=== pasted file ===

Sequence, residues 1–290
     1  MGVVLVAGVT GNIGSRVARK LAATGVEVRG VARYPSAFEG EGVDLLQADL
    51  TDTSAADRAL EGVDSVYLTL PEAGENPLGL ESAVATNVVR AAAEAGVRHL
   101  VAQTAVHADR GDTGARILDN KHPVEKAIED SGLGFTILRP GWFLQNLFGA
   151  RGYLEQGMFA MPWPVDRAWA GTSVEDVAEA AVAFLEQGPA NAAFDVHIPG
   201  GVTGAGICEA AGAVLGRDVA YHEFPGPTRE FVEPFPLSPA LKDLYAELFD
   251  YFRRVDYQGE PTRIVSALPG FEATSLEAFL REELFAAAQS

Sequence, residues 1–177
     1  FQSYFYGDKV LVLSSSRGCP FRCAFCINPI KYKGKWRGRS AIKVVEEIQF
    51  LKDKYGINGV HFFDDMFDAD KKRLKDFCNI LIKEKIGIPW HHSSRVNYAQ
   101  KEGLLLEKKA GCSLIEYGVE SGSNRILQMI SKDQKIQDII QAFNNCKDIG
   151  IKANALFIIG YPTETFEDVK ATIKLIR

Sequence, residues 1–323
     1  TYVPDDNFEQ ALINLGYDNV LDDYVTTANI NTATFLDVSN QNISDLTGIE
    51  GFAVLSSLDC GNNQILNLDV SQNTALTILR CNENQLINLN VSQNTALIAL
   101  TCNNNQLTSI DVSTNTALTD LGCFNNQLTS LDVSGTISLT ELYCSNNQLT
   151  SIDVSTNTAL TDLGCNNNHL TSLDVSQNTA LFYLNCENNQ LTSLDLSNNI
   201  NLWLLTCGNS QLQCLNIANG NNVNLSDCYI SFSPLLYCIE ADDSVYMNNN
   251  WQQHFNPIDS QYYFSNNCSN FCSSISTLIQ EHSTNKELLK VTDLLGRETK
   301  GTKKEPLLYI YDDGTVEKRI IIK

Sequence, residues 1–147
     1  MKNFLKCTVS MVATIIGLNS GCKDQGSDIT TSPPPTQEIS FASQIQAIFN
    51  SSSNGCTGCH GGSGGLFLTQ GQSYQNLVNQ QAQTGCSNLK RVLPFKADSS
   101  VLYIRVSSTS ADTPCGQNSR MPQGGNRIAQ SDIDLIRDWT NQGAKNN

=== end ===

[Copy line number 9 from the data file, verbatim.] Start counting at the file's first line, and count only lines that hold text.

     1  FQSYFYGDKV LVLSSSRGCP FRCAFCINPI KYKGKWRGRS AIKVVEEIQF